There are two types of barefoot running purists, both have similar behaviors. Both groups admonish the use of shoes.
One group consists of long-time barefoot runners with thousands of miles of experience. This group generally shuns shoes based on their collective experience. The would have accomplished great feats barefoot. Off the top of my head, I can think of three people that fit this category- Rick Roeber, Jason Spooner, and Victor Palma. Their point of view, while I disagree, has been earned.
The second group consists of new barefoot runners that lack significant experience. This group is usually responsible for starting debates on the merits of shoes, sometimes within the barefoot running community; sometimes with the general running community. This group is sometimes subjected to ridicule from all runners because of their passion. I say we give this group a break.
Here’s why. Whenever we make a decision (in this case the decision to go barefoot), we experience post-decision dissonance. It’s an uneasy feeling that represents the paradigm shift from shod runner to barefoot runner. Our behaviors aren’t necessarily matching our beliefs. Since we’re changing our behaviors, dissonance ensues.
We deal with dissonance a few different ways. In the case of the new barefoot runner, the belief that barefoot running is superior is adopted.
As soon as this paradigm shift occurs, the confirmation bias sets in. The new barefoot runner begins searching for examples and evidence that they are correct, while simultaneously ignoring evidence that refutes their new-found belief.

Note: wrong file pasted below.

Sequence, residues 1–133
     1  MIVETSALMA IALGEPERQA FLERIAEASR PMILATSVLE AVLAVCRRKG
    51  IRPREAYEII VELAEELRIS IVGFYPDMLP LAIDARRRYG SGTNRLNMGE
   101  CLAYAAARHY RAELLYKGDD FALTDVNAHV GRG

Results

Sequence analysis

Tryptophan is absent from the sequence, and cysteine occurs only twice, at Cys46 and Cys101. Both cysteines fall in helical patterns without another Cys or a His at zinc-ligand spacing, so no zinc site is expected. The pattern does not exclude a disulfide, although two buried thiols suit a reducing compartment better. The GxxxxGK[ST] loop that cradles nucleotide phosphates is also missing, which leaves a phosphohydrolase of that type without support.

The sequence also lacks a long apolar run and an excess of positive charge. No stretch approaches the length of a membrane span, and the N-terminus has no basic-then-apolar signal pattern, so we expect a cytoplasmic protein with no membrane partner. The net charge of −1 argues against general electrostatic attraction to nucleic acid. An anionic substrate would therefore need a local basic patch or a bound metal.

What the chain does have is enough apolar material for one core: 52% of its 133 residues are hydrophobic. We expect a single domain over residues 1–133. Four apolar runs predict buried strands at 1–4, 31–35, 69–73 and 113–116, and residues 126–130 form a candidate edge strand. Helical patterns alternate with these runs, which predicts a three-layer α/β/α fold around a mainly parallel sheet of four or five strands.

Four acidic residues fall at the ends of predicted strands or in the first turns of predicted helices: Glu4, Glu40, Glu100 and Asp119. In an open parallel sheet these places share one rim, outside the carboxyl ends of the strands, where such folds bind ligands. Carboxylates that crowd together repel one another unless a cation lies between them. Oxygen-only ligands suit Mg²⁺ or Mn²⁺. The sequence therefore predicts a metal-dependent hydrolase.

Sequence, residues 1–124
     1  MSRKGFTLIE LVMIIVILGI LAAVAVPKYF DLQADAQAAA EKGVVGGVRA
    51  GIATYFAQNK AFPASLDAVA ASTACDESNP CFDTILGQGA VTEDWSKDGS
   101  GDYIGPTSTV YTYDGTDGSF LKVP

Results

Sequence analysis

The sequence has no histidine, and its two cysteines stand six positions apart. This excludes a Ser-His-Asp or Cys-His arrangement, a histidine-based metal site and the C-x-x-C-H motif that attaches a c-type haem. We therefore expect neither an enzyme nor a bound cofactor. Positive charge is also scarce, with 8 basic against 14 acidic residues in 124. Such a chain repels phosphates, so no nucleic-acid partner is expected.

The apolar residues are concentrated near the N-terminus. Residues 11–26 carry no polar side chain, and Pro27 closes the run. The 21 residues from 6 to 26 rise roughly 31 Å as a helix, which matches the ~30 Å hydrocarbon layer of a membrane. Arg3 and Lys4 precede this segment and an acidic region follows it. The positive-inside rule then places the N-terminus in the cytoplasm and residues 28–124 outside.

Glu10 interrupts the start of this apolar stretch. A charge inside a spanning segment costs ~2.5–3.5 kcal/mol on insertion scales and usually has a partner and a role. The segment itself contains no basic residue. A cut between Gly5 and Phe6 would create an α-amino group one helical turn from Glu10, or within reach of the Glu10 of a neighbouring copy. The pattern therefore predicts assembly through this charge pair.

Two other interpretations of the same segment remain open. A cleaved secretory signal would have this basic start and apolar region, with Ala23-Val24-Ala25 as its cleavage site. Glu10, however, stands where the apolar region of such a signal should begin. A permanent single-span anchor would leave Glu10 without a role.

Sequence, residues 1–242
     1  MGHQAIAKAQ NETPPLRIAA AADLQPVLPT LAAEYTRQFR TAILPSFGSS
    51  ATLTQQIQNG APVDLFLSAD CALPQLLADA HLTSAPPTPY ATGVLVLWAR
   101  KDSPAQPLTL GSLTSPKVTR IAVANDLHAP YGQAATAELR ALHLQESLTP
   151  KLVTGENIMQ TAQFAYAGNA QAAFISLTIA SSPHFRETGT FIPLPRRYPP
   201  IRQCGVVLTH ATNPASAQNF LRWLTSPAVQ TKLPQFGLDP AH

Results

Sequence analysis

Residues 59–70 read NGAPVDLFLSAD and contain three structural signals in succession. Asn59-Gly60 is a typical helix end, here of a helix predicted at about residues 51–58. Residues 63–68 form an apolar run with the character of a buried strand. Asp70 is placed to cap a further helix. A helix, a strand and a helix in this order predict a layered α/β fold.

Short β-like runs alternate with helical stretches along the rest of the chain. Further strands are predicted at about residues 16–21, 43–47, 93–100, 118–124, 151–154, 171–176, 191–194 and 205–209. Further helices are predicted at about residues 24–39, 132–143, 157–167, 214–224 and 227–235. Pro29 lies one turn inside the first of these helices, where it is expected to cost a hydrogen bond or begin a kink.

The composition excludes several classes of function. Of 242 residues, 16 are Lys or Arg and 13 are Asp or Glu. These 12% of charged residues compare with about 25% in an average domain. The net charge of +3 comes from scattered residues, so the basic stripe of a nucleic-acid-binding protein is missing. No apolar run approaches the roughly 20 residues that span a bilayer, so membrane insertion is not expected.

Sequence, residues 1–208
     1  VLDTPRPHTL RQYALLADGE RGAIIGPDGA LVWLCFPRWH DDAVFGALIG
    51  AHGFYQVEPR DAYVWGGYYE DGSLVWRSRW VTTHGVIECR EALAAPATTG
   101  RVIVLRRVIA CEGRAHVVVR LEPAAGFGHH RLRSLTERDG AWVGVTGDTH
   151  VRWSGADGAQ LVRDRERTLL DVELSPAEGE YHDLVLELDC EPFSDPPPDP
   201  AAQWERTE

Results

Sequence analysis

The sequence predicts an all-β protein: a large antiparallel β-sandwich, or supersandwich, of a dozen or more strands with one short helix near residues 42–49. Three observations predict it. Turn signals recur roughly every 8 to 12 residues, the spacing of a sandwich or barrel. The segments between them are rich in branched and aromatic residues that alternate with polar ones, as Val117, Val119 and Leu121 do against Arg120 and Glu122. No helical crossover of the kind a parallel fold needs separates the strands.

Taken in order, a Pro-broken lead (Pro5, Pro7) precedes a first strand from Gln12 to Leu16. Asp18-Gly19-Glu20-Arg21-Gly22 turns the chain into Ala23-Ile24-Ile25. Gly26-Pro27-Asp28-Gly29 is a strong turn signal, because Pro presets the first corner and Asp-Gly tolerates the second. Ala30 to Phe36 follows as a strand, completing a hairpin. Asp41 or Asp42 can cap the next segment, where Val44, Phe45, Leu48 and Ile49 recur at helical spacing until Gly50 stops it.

This is the same phenomenon when we buy a new car. Suddenly we see the car everywhere. It’s not that there’s a sudden influx of these particular cars on the road. We’re just attuned to that particular stimuli. We make a mental note every time we see that specific car and ignore all other cars. It’s a bias that makes it appear as if that car is much more popular than what it really is.
The new barefoot runner will actively seek out evidence that supports their new change in behavior (all barefoot running is good), and ignore evidence that refutes that behavior (sometimes shoes can be useful). The result is what is often described as the “barefoot zealot” attitude.
Rest assured, this one-sided bias does not last long. Eventually the new barefoot runner encounters situations that are not favorable to barefoot running. Through experience, the barefoot runner gradually comes to understand the utility of shoes, which softens their stance.
I went through this very same process myself. I spent about two years as a hardened barefoot purist. I stubbornly ran in VERY adverse conditions just to confirm my belief that being barefoot was always superior. Eventually I abandoned the position after many discussions on the Runner’s World Barefoot Running Forum with friends like Michael Helton and Jeremy Clegg.
I still tried pushing my own limits when running barefoot, but I was attempting to satisfy curiosity. Today I’m more than willing to slip on a pair of good minimalist shoes if the conditions or terrain get too hostile. I still prefer being barefoot, but I’m not going to let my stubbornness interfere with my enjoyment of running.
So the next time you encounter a new barefoot runner giving an impassioned speech about the merits of barefoot running, let them go on. Instead of chastising them for their short-sightedness, embrace their enthusiasm.
On an Unrelated Note
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